They could be robbing you of quality sleep.
If you’re having sleep problems, you’ve probably done your research on how to diagnose or treat the issue. However, there are many problems that can arise from poor sleep quality. And although the causes may vary, the result of any of these disorders is a disruption of your body’s slumber clock. Here are the 10 most common sleep disorders you should have in mind.
According to the 2016 Report to the Sleep Health Foundation 2016 by the University of Adelaide, around 20% of Australians suffer from significant insomnia. This means that 2 out of 10 people have trouble falling asleep or staying asleep. Insomnia can be caused by stress, anxiety, depression or discomfort.
This problem is caused due to the vibration of your relaxed throat tissues caused by the air you breathe. Snoring can wake the sleeper up or that person’s partner, resulting in a disruption of the sleeping pattern. Around 24% of Australian men and 17% of Australian women suffer from snoring, according to the 2016 report.
3. Obstructive Sleep Apnea
This disorder currently affects 8% of the Australian population and consists of making people lose their ability to breathe normally while asleep. Sleep apnea usually happens when the soft tissue in the back of the throat collapses during sleep. Its intensity may vary depending on the person, causing some people to experience episodes of no breathing, breathing through the mouth, loud breathing, or shortness of breath.
4. Sleep Hypoventilation
Another breathing-related problem, this disorder occurs when the brain fails to deliver a strong enough message to breathe while sleeping. Breathing is restricted in someone with sleep-related hypoventilation, leading to low levels of oxygen or elevated levels of carbon dioxide in the blood. Sleep-related hypoventilation can occur in anyone, at any age, even in babies and young people.
5. Restless Legs Syndrome
RLS, for short, affects 18% of Australians. People with this syndrome suffer from uncomfortable sensations in their legs and an irresistible urge to move their legs to relieve the discomfort. This urge gets stronger when the person is lying down, which is the reason why it’s considered a sleep disorder.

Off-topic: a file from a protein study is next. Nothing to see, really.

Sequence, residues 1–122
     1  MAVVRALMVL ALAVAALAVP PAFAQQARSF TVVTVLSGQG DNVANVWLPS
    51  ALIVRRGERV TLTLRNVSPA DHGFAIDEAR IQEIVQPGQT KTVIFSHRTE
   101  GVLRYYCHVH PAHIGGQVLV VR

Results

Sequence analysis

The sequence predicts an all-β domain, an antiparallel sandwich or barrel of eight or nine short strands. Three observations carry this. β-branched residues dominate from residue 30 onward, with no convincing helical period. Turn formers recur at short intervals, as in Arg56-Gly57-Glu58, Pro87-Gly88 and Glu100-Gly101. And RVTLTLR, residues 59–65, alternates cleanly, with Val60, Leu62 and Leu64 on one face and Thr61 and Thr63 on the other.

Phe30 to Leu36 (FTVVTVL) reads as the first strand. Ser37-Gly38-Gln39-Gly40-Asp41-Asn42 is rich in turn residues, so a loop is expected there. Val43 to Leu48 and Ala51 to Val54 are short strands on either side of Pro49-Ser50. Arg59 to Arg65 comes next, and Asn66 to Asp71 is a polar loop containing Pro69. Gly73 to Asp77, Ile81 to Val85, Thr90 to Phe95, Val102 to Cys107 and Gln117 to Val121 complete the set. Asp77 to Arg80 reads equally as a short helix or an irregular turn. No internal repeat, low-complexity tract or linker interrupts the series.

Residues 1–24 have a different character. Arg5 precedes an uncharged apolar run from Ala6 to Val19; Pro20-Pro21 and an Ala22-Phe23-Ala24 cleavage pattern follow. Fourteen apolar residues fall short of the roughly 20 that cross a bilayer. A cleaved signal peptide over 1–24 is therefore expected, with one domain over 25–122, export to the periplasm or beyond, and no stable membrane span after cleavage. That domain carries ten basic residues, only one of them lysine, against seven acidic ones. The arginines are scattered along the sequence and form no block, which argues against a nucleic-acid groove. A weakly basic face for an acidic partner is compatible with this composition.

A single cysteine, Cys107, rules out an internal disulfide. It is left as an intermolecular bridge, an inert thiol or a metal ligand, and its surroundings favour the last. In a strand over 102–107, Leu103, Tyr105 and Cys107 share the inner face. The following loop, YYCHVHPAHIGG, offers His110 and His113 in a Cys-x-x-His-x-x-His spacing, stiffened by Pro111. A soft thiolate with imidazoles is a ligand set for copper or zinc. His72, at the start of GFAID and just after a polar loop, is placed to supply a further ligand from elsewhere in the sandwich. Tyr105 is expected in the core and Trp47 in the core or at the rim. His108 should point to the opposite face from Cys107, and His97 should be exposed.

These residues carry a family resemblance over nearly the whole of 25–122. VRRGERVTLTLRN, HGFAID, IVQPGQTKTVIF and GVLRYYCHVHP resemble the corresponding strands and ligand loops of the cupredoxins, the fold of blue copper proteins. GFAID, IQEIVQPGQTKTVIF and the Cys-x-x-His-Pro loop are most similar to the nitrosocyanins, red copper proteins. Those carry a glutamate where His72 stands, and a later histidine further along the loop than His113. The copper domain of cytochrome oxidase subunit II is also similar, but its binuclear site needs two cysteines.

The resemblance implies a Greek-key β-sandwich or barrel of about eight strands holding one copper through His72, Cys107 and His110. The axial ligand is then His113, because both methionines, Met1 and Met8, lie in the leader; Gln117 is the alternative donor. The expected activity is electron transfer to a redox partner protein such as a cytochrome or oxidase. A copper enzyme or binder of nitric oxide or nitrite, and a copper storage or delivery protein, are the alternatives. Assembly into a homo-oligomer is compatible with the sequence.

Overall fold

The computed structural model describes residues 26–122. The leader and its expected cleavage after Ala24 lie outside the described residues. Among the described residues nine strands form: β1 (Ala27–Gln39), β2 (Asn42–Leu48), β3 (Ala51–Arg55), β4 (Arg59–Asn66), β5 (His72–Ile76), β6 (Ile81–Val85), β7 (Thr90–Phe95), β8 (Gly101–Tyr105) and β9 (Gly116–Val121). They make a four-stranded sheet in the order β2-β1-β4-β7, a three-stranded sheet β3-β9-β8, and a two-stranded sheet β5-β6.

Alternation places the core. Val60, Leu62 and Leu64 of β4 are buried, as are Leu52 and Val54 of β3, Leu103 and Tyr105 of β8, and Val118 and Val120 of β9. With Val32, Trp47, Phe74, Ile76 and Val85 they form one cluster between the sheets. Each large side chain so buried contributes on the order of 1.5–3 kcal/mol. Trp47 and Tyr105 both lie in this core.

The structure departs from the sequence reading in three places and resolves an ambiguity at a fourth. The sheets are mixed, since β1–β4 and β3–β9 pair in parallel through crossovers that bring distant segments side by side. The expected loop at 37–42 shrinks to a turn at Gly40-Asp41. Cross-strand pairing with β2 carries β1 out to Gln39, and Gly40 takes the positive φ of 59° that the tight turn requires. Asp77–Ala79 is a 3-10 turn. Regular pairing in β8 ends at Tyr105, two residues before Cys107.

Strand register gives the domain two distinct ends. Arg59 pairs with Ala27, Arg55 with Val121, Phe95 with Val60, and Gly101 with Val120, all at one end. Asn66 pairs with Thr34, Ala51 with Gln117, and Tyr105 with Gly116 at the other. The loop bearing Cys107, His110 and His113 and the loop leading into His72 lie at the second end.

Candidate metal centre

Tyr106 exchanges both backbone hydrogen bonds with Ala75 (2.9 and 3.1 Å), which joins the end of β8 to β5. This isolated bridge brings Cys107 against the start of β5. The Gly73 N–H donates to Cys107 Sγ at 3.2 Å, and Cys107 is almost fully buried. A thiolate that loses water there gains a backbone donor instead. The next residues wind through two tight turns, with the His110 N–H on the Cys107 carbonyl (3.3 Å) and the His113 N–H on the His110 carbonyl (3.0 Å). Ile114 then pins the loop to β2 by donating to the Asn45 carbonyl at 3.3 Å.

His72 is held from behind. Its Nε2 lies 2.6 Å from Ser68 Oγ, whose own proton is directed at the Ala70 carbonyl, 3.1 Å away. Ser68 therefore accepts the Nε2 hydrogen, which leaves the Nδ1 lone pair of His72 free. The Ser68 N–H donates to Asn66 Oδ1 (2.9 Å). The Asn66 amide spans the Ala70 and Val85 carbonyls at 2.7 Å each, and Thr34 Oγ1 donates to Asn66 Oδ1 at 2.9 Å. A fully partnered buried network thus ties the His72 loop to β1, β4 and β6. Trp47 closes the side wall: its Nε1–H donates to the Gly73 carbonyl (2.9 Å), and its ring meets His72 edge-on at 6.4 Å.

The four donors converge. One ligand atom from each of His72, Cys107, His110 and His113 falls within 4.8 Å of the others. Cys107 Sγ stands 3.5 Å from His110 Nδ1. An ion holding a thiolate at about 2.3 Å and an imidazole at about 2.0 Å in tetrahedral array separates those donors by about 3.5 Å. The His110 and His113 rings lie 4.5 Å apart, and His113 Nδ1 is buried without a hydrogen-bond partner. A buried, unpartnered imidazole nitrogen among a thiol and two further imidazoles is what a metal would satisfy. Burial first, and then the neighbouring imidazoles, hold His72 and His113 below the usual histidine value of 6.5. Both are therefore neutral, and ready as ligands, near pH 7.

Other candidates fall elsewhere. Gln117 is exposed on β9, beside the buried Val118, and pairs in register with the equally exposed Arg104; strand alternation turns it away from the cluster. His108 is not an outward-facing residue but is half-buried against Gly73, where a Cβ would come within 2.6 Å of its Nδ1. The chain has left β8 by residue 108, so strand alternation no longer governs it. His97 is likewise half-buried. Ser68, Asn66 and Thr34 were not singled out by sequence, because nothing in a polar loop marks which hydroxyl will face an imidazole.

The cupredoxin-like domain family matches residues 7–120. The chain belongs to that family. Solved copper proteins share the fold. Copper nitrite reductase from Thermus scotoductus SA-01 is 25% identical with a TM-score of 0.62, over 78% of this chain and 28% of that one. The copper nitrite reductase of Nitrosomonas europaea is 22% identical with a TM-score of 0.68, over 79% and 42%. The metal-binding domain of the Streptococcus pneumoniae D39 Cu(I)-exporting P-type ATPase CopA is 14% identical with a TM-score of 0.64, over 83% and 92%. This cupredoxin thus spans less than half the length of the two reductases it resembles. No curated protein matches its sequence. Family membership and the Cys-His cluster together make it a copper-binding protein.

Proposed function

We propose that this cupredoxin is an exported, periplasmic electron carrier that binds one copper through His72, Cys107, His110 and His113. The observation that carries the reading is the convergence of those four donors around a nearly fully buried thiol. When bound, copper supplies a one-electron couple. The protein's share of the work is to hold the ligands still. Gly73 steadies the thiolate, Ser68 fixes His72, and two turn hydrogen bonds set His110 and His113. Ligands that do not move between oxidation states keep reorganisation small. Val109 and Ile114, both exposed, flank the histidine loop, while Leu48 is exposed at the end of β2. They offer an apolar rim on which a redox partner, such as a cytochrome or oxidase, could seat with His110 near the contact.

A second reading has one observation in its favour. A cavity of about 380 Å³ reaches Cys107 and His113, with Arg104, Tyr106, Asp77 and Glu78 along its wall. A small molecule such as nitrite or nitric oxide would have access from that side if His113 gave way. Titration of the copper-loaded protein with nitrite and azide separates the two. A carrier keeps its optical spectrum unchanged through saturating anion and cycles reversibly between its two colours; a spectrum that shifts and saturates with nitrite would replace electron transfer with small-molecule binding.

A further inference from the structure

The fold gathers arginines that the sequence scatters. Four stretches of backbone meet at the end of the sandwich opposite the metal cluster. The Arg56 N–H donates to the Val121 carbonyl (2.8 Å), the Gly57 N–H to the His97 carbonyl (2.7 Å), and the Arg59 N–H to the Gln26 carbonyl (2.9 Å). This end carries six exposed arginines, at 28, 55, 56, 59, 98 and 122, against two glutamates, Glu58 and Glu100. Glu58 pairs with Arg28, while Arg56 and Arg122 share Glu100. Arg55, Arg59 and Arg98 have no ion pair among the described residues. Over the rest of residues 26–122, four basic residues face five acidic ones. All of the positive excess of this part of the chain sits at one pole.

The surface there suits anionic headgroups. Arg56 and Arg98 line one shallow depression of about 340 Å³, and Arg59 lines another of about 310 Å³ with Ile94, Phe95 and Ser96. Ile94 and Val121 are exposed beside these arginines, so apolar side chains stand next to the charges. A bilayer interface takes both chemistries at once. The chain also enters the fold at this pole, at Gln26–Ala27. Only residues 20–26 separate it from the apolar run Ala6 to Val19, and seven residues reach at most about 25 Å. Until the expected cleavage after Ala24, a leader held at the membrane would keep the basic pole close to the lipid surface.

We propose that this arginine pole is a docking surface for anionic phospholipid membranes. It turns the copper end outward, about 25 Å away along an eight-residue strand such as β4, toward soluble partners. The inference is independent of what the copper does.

If you have ever woken up with a sore jaw, this was probably because you were clenching and grinding your teeth in your sleep; that’s bruxism. It’s normally caused by stress and anxiety and is closely related to sleep apnea. Although it might sound strange to enlist it as a sleep disorder, the damages bruxism does to your teeth and jaw include migraine and potential fractures of the teeth.
This disorder leads people to experience excessive daytime sleepiness and intermittent, usually uncontrollable episodes of falling asleep during the daytime. In many cases, narcolepsy is undiagnosed and, therefore, untreated. Around 17% of Australians fell asleep on the job in 2016.
Sleepwalking, talking or doing other things while asleep is caused by a poor quality of sleep. When any of these things happen, your brain is partially awake, which is why it can do things you would do while awake. Although common in kids, it can haunt a person into adulthood.
Although considered as strong imagination in children, night terrors occur when a person hasn’t woken up completely. People who suffer commonly from nightmares have a disrupted sleeping pattern, leading to poor sleep quality and also resulting in anxiety when going to bed at night.
10. Rapid eye movement behaviour disorder
Rapid Eye Movement (REM) is the sleeping phase where all muscles are relaxed and where dreams happen. REM Behavior Disorder, on the other hand, means that in this phase, the person’s muscles are active and because of this, actually move their body and act as if they were in the dream. It can result in violent movements.
Now that you’re familiar with the most common sleeping issues, take the time to figure out if you suspect you suffer from any of these illnesses. If so, see your doctor soon and seek professional diagnosis and treatment, if applicable.